The City of Toronto has signed a contract with Harbridge + Cross Limited to construct a Visitor Centre costing $18 million at Fort York National Historic Site in downtown Toronto. The contractor was selected after bids were received from three firms pre-qualified under the City’s procedures. Construction is scheduled to begin in October.
The Visitor Centre was designed by Patkau Architects Inc. of Vancouver with Kearns Mancini Architects Inc. of Toronto. Their design was picked in a two-stage process that narrowed a field of 31 Canadian architectural firms expressing interest to five teams that were selected to submit conceptual proposals. An expert jury, including internationally renowned urbanist and author Anthony Tung, unanimously recommended the Patkau/Kearns Mancini design, noting it would reinterpret the original shoreline bluff along Lake Ontario and create a strong visual presence for the fort along Fort York Boulevard.
In December, 2011, Canadian Architect magazine recognized the design of the Visitor Centre with an Award of Excellence. “The Visitor Centre has been designed as a shard of light and historic illumination below the Gardiner Expressway,” says Lisa Rochon, the Globe and Mail’s architecture critic and Fort York Foundation board member. “There’s a combination of exceptional ingredients here: the weight of history, a pastoral public space and a daring gateway pavilion designed by the nation’s best.”
The building, set dramatically below and just north of the Gardiner Expressway at the entrance to the National Historic Site, aligns to the original shoreline of Lake Ontario. The Visitor Centre’s striking front elevation of weathered steel serves to interpret the original lake bluff, which contributed to the fort’s natural defences. The final decision on locating the building follows careful archaeological investigation of this part of the site.
The new building, which will conform to the Toronto Green Standard, will provide secure exhibit space for the first time in Fort York’s history. This capacity will allow Fort York to display treasures from City of Toronto’s collection of artifacts that illustrate the history of our city’s founding site. The Visitor Centre will be a front door for Fort York, welcoming and orienting visitors. It will act as a hub for the interpretation of the entire 43-acre Fort York National Historic Site. It will contain multimedia programming, permanent and changing exhibits, an immersive experience of the Battle of York, as well as facilities for education, research, staff and community use. Its completion will allow the fort’s administrative functions to be relocated from historic structures inside the ramparts. These buildings, among the oldest in the city, can then be opened up fully to the public.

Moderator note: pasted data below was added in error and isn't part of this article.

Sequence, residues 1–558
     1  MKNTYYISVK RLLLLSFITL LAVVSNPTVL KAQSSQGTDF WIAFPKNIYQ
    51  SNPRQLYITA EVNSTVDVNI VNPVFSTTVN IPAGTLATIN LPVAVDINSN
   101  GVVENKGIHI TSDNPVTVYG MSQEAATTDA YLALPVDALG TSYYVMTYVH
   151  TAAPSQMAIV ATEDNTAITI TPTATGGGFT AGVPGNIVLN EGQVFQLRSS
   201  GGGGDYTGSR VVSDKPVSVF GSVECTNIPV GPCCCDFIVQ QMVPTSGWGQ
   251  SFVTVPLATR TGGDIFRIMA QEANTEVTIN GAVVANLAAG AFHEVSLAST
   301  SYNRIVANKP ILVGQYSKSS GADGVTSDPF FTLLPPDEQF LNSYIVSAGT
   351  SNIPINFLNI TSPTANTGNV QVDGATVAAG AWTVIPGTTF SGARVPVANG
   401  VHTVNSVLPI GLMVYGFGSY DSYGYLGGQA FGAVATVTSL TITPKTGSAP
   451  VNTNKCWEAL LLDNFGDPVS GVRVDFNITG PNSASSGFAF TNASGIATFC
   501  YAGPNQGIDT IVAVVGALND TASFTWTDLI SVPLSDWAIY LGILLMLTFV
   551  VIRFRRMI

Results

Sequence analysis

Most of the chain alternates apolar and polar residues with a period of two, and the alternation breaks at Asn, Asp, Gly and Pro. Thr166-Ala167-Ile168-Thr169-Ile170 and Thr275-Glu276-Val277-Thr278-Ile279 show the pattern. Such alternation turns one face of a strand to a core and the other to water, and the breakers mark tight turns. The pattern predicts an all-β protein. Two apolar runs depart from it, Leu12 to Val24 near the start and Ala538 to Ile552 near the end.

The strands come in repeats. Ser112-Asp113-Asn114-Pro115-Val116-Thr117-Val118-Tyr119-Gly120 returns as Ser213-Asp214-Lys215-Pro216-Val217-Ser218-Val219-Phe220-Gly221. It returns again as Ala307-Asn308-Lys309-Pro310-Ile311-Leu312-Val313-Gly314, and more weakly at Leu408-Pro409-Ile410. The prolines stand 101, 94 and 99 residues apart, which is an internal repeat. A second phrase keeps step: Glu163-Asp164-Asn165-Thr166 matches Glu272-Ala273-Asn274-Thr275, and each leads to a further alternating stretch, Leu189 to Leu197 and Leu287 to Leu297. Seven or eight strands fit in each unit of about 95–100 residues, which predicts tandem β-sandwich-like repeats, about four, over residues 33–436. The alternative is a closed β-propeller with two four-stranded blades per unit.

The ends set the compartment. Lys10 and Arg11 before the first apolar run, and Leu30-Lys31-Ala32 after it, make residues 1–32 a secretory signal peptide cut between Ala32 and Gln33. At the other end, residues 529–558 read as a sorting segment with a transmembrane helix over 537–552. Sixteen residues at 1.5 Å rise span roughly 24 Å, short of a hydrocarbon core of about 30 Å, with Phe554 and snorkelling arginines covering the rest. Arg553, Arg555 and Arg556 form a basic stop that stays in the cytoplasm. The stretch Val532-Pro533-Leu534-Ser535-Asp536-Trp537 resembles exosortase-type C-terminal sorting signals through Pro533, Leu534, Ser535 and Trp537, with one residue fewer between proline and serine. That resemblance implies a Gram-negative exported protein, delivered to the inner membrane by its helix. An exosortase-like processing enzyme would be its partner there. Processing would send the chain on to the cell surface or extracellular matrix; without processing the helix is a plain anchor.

To the north of the Visitor Centre, the very large open space known as Garrison Common will be significantly improved. As of this year, this green space is hosting diverse and unique programming, including re-enactments, concerts as well as installations and interventions sponsored by Luminato and (within the fort’s ramparts) Nuit Blanche. Garrison Common will also take its place as one of downtown Toronto’s major parks serving the 30,000 new residents in the neighbourhoods surrounding Fort York.
Support for the construction of the building and new exhibits has been pledged by all three levels of government, who will be contributing a total of about $19 million. The base cost of the Visitor Centre does not include exhibits, landscaping and other expenses related to the building, whose total cost is $25 million. The balance of $6 million will be raised from among private donors by the Fort York Foundation. A lead gift of $1 million directed towards the rehabilitation of the Garrison Common has been made by the W. Garfield Weston Foundation.